Sunday, October 11, 2009

Fresh new hope for JSON Schema: "Orderly" improvements afoot!

Here's something interesting related to on-going (if slowly moving) JSON Schema effort: Orderly micro-language. Orderly just might be that something that makes JSON Schema usable. There are other things that could do that, too, like good tool support; but more convenient syntax seems like the shortest route to improved usability: a custom-built DSL that does NOT (have to) use the target syntax as its own syntax. What a great idea! (not a novel one; RelaxNG compact syntax has been around for a while, and that wasn't new -- no matter, good ideas are good ideas)

As the web site says: "Orderly... is an ergonomic micro-language that can round-trip to JSONSchema ... ... optional. syntactic sugar, fluff. Tools should speak JSONSchema, but for areas where humans have to read or write the schema there should be an option to expose orderly in addition to JSON". Sounds good, I like that.

We shall see if and how this works out. My personal interest is more in the area of type definition language -- for me validation is actually not all that interesting; mostly because I believe it can be done quite well at (Java) object level (see Bean Validation API). So much so that even XML Schema is used much more as type definition language for data binding (as THE Object/XML type system for things like Soap, JAXB) than for actual XML validation, although original focus has squarely on handling validation aspects. Futher indirect proof is that its main competitor, RelaxNG, which is superior alternative for validation, isn't nearly as popular overall -- it would totally squash Schema if validation was the dominant use case for XML schema languages; but RelaxNG is not very useful for data binding, alas (because it allows ambiguity in grammar, acceptable for validation, but problematic when trying to do type inference and matching).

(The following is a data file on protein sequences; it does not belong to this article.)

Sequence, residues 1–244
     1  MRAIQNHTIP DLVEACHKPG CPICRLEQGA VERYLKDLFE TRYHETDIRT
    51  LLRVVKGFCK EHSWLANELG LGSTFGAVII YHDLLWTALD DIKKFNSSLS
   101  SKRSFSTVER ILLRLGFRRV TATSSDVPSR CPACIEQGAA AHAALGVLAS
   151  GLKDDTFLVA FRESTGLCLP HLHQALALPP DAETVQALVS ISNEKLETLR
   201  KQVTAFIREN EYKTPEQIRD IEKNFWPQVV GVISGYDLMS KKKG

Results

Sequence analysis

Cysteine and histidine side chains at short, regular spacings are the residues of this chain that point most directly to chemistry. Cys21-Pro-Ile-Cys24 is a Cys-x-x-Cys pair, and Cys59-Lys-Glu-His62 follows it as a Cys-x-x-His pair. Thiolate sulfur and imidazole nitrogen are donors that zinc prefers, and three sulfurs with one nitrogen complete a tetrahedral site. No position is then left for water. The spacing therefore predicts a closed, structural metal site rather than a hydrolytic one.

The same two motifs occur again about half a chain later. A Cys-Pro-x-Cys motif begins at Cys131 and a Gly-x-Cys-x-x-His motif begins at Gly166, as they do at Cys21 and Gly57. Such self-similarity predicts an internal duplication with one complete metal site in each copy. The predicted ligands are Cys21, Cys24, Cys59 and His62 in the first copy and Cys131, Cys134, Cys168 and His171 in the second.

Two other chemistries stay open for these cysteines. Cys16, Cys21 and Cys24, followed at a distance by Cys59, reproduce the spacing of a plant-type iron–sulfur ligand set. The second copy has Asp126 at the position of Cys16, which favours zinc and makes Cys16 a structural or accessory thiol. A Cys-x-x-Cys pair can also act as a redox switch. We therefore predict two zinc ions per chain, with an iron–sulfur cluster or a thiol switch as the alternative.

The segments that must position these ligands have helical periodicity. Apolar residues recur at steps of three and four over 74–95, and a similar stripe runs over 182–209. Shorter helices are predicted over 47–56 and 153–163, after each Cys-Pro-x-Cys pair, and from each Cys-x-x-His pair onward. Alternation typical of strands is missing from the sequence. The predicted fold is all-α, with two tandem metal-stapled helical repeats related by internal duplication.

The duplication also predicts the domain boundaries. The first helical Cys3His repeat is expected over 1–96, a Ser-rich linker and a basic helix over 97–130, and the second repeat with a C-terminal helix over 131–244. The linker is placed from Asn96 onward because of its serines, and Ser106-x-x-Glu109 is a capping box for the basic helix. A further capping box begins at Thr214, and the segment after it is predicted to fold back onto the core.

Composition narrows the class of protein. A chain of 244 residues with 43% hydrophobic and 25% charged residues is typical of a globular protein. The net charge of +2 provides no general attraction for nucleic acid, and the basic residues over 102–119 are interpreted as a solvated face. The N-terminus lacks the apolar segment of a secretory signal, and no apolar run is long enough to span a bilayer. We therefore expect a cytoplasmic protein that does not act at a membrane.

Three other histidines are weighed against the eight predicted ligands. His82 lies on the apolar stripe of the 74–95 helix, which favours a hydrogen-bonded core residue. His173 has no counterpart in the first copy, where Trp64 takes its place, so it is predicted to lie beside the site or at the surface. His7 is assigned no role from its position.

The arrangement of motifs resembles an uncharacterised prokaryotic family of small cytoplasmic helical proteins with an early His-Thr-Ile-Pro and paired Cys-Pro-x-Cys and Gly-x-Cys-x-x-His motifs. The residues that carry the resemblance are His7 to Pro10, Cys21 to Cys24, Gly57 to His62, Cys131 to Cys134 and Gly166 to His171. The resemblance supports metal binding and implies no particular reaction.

But I digress. I think that a prettified DSL that translates to/from JSON Schema could handle type system aspects just as well JSON Schema would; which is to say, "possibly well enough to be useful". Although JSON Schema as is has some nasty flaws in this area (only single type per schema? you kidding me, right? All references via static URLs? Really?), maybe it can all work out in the end with some spit and polish. Jury is still out.

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